• On 8 August 2009, Arriva Trains Wales unit 142069 derailed during an empty stock movement at Rhymney, South Wales. The unit was preparing to work a morning service with 143625 when it derailed on a set of points and hit the platform edge. 142069 was later removed by road to Cardiff Canton depot and fears were raised that the frame might have been damaged beyond repair. These fears proved unfounded and the unit has since returned to service.
  • On 3 October 2009, a unit of the class collided with another train at Darlington.[47]
  • On 4 January 2010, unit 142029 collided with a train comprising two Class 159 diesel multiple units at Exeter St Davids. Nine people were injured.[48]
  • On 10 April 2011, a cardan shaft failure on 142045 led to an incident at Durham, injuring a member of the public with a piece of ballast kicked up by the detached shaft.[49]
  • On 27 April 2012, unit 142091 was working the 1125 Lincoln – Adwick service when it hit a landslide after exiting Clarborough Tunnel near Retford causing major frontal damage to the unit. Two people were taken to hospital with minor injuries, one of these being the driver.[50][51] The landslide was blamed on heavy rain and poor drainage.[51] The unit has since returned to service.
  • On 4 October 2016, unit 142072 caught fire at Caerphilly.[52]
  • On 9 October 2018, unit 142086 derailed at Sheffield station.[53][54][55]

John Pugh, the then Liberal Democrat MP for Southport, described the 142 trains as "unsafe". However the UK Government's Transport Secretary at the time Geoff Hoon denied this claim saying, "I would not accept that any of that rolling stock is unsafe", and that they constantly upgrade them.[56][57]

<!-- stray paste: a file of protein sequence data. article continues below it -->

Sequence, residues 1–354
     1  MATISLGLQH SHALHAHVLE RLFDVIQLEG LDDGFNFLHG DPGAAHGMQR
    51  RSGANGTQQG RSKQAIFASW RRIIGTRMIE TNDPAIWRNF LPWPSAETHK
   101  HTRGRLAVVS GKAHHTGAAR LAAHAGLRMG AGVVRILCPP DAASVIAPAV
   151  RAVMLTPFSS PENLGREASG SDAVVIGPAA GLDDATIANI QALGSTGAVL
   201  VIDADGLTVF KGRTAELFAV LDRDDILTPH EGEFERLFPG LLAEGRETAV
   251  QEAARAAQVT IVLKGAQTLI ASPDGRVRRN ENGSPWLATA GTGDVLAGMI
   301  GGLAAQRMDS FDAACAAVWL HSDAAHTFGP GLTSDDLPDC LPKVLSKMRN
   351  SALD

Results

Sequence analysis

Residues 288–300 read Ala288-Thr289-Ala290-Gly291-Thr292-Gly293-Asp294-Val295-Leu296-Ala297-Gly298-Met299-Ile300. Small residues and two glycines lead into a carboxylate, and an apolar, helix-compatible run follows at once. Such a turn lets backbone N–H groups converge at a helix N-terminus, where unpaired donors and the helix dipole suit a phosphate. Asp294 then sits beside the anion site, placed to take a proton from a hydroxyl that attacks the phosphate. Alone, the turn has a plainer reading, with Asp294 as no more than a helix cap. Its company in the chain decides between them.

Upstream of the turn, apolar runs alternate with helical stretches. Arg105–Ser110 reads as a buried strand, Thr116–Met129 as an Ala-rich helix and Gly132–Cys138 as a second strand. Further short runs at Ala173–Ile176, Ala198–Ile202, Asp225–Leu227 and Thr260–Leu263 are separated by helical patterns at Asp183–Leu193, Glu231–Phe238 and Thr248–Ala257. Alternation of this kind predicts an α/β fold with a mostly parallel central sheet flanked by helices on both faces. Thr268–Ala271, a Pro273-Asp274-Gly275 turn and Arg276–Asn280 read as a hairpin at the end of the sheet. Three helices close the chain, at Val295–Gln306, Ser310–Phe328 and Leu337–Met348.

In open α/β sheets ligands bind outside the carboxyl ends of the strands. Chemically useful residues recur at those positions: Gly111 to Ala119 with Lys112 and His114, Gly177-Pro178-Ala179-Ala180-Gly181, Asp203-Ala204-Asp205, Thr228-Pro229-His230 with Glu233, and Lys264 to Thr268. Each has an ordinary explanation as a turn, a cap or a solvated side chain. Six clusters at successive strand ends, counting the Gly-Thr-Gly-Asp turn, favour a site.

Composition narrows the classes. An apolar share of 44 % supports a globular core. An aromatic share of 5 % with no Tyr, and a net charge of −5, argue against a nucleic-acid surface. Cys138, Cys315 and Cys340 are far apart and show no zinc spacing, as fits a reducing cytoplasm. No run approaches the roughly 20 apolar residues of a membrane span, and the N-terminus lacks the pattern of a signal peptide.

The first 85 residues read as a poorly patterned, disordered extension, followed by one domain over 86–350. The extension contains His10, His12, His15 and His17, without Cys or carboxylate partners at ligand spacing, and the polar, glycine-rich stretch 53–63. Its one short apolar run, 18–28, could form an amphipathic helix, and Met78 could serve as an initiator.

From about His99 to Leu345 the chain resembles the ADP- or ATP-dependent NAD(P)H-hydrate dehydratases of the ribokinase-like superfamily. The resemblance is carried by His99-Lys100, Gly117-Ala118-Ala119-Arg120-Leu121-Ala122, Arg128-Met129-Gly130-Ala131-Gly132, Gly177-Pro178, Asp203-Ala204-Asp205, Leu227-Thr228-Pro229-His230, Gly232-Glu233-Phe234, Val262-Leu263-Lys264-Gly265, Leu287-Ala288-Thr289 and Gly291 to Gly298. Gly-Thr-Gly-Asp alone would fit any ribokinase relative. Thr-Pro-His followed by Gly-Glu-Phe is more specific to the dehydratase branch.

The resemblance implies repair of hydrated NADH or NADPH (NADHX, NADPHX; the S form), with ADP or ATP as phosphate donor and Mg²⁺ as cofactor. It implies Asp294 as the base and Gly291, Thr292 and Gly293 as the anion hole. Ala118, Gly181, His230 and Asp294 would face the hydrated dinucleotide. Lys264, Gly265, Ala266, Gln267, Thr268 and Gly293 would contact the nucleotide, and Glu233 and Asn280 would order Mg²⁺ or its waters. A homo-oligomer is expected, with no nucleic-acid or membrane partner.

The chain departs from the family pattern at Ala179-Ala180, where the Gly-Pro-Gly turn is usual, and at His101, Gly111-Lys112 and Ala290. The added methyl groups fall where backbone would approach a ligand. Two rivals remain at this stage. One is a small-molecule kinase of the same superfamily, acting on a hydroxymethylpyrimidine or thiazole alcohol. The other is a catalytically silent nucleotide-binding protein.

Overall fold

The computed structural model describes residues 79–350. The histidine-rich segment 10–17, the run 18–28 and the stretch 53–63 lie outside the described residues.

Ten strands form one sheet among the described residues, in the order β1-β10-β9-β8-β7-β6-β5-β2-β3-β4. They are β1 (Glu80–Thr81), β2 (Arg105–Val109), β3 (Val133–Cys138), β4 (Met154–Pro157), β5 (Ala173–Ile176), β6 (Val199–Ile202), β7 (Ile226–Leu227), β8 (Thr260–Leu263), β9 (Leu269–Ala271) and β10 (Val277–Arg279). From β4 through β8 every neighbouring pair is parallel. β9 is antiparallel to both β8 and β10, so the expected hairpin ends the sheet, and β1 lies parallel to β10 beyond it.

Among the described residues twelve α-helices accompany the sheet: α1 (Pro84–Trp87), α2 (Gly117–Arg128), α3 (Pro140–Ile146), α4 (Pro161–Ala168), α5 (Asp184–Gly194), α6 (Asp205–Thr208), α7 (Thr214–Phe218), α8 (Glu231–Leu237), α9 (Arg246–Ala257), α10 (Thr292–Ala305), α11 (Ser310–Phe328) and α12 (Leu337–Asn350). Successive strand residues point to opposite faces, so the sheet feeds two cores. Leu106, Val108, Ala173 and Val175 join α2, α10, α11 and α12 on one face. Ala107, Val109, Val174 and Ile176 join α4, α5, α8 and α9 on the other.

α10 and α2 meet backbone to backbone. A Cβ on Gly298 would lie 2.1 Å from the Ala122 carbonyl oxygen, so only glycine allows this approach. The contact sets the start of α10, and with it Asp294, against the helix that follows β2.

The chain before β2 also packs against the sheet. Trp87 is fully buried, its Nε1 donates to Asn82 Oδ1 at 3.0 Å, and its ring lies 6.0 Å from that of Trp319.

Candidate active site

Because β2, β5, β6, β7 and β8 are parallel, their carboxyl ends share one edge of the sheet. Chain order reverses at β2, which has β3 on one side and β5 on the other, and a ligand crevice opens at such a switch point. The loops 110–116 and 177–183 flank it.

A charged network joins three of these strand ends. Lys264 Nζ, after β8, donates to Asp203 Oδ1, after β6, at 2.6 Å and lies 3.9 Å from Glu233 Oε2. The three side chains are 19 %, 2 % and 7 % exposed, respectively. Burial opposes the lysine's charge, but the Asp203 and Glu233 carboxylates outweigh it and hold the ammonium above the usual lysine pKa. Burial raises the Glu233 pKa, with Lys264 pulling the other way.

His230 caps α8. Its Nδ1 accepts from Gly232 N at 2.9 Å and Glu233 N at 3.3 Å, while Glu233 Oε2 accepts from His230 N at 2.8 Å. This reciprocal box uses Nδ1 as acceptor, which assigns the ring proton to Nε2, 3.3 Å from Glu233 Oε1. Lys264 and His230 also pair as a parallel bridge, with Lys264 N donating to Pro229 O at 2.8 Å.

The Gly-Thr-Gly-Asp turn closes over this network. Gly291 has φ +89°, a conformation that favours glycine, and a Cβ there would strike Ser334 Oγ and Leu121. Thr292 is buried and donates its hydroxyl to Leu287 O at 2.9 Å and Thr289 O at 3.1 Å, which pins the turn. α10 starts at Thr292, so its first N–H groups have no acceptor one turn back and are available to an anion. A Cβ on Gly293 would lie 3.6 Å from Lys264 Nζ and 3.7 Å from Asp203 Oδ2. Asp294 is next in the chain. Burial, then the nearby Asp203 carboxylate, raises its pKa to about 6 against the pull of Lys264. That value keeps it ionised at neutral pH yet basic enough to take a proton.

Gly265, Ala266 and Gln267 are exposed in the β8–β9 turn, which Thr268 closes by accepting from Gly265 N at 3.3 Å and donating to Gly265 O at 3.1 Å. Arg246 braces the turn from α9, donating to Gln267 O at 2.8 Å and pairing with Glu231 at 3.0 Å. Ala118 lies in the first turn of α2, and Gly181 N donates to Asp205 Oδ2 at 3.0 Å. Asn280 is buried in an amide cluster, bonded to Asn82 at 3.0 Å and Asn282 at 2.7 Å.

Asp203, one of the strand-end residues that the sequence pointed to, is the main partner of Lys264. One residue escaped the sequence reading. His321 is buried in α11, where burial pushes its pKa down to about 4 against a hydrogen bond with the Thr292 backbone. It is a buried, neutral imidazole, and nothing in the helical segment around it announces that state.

Models[edit]

In 1987, Hornby Railways launched its first version of the BR Class 142 (Pacer) railbus in OO gauge.[58]

Notes[edit]

References[edit]

Citations[edit]

  1. ^ a b c Fox & Hughes 1994, pp. 15–16, 25
  2. ^ a b c d e f g h i j Colin J Marsden. "Class 142 Technical Data". therailwaycentre.com. Archived from the original on 20 March 2012. Retrieved 24 March 2010.
  3. ^ a b c "Class 142". The Railway Centre. Archived from the original on 9 March 2005. Retrieved 1 February 2016.
  4. ^ a b c d e f Vehicle Diagram Book No. 220 for Diesel Multiple Unit Trains (Railcars) (PDF). Barrowmore MRG. Derby: British Railways Board. 1982. DP234, DP235.
  5. ^ a b "Passenger Focus response to Network Rail's North West Route Utilisation Strategy" (PDF). Network Rail. January 2007. Archived from the original (PDF) on 3 March 2016. Retrieved 2 December 2015.
  6. ^ "The Northern Interim Franchise Agreement" (PDF). Bevan Brittan LLP. 26 March 2014. Retrieved 22 April 2015.
  7. ^ Fox 1987, p. 41
  8. ^ a b c Pritchard & Fox 2009, p. 15
  9. ^ "Mechanical and Electrical Coupling Index". Rail Safety and Standards Board. Archived from the original on 21 December 2013. Retrieved 13 October 2010.
  10. ^ "Diesel Multiple Unit Stock". Goods & Not So Goods. Archived from the original on 4 March 2016. Retrieved 2 December 2015.
  11. ^ a b "Mid Cheshire Rail Users Association" (PDF). Network Rail. Archived from the original (PDF) on 16 January 2016. Retrieved 2 December 2015.
  12. ^ "142 – BREL/Leyland Pacer". Data Sheets. Angel Trains. Retrieved 8 July 2008.[dead link]
  13. ^ http://www.ttweb.co.uk/pp/pp142.pdf
  14. ^ Glendinning, Alec (26 March 2014). "The Network Rail (Ordsall Chord) Order" (PDF). Network Rail. p. 11. Archived from the original (PDF) on 22 December 2016. Retrieved 18 February 2016.
  15. ^ https://www.angeltrains.co.uk/Products-Services/Regional-Passenger-Trains/1